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Old 3rd January 2009, 10:01 AM   #1
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Default Lower the gain on a Pass X250.5?

Hello,

I would like to know if there is a way to lower the gain on a Pass X250.5 amplifier that would not harm the sonic character of the amplifier.

Thank you,

Alan
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Old 3rd January 2009, 06:02 PM   #2
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How much did you want to reduce it, and what input impedance
can you tolerate?

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Old 7th January 2009, 02:28 PM   #3
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Hi,

I would like to get more range out of my preamp volume control, so I imagine I would like to reduce the gain by about 6 dB. I am using a solid state preamp with very low output impedance and a very beefy power supply, so I imagine it will tolerate quite low input impedance.

Thank you for any information you can offer.

Alan
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Old 7th January 2009, 02:54 PM   #4
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Isn't it easier to increase the attenuation at the preamp input? This will increase headroom as well.
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Old 7th January 2009, 03:11 PM   #5
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Quote:
Originally posted by analog_sa
Isn't it easier to increase the attenuation at the preamp input? This will increase headroom as well.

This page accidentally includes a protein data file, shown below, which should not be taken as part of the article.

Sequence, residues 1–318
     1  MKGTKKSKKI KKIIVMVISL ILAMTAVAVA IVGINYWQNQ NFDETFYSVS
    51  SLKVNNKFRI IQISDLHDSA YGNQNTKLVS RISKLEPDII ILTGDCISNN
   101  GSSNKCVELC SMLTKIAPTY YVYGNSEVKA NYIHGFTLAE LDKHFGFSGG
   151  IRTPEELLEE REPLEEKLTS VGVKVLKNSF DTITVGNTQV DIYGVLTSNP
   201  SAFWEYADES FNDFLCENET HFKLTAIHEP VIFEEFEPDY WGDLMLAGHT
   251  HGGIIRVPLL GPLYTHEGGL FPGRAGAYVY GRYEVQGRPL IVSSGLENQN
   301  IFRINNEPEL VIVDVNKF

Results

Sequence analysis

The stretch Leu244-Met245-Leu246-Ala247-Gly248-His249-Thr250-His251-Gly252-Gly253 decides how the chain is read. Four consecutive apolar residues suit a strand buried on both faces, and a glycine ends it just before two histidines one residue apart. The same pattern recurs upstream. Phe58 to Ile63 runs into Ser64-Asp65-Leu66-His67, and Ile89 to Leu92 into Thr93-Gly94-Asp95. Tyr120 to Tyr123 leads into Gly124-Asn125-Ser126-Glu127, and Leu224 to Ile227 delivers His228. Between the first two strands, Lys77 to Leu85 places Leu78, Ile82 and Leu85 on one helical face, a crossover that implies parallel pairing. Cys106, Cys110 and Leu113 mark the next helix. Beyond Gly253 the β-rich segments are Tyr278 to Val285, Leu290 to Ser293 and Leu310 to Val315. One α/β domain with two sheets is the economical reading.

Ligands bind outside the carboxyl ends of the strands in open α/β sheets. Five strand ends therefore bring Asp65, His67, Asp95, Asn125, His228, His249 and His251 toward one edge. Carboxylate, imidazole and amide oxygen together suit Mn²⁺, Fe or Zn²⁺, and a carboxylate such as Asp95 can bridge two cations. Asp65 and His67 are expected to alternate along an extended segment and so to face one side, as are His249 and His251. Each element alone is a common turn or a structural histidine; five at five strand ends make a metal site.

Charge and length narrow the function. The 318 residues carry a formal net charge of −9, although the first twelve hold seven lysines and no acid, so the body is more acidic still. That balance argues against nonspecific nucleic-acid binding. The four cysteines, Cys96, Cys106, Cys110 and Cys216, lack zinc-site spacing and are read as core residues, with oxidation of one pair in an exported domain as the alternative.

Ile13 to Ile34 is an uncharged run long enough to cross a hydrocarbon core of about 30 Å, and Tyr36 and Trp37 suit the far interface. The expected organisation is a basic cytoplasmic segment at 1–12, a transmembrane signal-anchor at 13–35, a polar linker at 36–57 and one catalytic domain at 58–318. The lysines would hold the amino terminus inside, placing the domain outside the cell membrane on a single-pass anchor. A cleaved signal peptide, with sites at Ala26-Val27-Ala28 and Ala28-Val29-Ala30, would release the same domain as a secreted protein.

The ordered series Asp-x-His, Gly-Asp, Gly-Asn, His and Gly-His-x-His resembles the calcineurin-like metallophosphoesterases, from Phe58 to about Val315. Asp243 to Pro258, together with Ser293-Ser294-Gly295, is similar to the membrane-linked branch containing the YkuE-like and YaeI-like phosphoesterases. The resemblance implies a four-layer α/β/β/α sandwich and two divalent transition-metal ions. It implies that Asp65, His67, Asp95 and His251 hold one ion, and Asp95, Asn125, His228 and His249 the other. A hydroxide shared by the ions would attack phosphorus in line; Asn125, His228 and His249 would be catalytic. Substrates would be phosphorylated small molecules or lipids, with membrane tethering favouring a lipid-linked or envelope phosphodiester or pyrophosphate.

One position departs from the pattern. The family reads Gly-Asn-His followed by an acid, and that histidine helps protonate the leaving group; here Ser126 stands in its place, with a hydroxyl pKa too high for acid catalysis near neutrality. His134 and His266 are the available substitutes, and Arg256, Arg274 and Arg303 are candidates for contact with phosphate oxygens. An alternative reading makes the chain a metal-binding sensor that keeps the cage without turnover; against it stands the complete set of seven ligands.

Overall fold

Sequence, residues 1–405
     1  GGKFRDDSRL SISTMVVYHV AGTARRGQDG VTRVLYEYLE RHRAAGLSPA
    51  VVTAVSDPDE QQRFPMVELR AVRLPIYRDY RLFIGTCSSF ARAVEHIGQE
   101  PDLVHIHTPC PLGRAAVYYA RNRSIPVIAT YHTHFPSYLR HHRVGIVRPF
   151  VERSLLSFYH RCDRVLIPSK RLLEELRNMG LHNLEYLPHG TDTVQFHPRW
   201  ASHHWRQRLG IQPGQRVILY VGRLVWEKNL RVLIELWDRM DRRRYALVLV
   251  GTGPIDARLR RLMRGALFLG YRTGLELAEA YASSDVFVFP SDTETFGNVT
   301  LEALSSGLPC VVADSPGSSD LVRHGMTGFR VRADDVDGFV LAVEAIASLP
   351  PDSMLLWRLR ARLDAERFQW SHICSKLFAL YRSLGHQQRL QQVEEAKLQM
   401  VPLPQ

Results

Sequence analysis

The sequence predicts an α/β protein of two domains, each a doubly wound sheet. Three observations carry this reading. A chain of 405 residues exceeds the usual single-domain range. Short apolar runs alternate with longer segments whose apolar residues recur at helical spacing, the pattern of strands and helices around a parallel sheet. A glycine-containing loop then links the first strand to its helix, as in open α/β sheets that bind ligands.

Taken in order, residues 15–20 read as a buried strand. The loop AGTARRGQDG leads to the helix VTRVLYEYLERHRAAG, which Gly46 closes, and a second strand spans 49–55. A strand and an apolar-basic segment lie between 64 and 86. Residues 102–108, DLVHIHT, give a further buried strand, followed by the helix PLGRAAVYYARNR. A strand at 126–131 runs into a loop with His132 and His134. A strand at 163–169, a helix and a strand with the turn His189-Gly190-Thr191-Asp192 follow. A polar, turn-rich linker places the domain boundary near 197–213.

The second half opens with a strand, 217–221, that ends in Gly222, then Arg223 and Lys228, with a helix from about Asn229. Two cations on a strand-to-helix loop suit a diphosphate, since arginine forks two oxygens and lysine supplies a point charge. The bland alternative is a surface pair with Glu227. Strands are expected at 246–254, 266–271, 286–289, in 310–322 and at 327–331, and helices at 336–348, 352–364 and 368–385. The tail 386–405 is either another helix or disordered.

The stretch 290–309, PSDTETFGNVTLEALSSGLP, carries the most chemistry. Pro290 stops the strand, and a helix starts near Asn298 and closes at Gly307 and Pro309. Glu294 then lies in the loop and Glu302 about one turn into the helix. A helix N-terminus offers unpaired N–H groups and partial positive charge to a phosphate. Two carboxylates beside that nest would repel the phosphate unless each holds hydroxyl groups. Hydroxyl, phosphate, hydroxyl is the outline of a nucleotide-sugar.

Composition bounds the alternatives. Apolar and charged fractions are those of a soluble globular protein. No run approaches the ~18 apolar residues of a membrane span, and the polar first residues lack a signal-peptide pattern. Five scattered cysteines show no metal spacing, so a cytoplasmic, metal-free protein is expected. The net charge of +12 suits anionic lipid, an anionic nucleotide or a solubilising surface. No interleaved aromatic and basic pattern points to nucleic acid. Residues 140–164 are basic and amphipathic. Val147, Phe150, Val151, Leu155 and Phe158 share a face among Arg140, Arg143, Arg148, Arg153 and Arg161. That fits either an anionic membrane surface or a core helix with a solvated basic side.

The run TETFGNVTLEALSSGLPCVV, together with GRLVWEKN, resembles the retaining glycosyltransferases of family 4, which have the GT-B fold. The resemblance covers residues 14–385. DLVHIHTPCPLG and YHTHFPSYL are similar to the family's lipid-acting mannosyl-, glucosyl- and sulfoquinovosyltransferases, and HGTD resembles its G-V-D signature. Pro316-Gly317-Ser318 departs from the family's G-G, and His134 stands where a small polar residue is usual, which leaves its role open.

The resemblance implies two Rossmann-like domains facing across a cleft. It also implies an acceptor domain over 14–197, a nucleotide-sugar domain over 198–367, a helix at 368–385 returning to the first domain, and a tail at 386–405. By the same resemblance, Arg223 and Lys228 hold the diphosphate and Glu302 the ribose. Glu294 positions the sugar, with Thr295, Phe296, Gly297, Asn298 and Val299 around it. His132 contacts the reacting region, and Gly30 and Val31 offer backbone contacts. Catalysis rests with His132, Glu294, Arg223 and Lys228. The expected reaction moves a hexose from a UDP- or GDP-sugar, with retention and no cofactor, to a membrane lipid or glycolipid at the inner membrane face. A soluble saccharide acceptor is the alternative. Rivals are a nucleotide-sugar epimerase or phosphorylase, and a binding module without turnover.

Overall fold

I was going to suggest this as well. If you are using a CD as a source, then no pre-amplification is probably needed. An active buffer with little to no gain would suffice. Reducing the gain of the pre-amp would would be preferred.

What pre-amp are you using?

-David
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Old 7th January 2009, 10:00 PM   #6
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Quote:
Originally posted by dw8083



What pre-amp are you using?

-David
Hi,

I am using the H2O Audio Fire preamp ( http://www.iceh2oaudio.com/index_htm.html ).

I have played around with using no preamp with digital attenuation but no longer have the ability to do so with my current setup. I also have used a passive attenuator, but I have a tube based DAC with a rather high output impedance, and the results didn't fare well with the passive attenuator. It sounds better with the preamp in the mix in terms of dynamics.

The sound of the X250.5 and the Fire preamp is very nice together, but has the problem of excessive gain. The designer of the preamp mentioned that lowering the gain on the preamp might not be the best alternative and thought that lowering the gain of the amp might be better. Any recommendations are welcome.

Thank you,
Alan
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Old 7th January 2009, 10:22 PM   #7
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Quote:
Originally posted by aljordan


Any recommendations are welcome.

Thank you,
Alan

make B1 , any iteration ;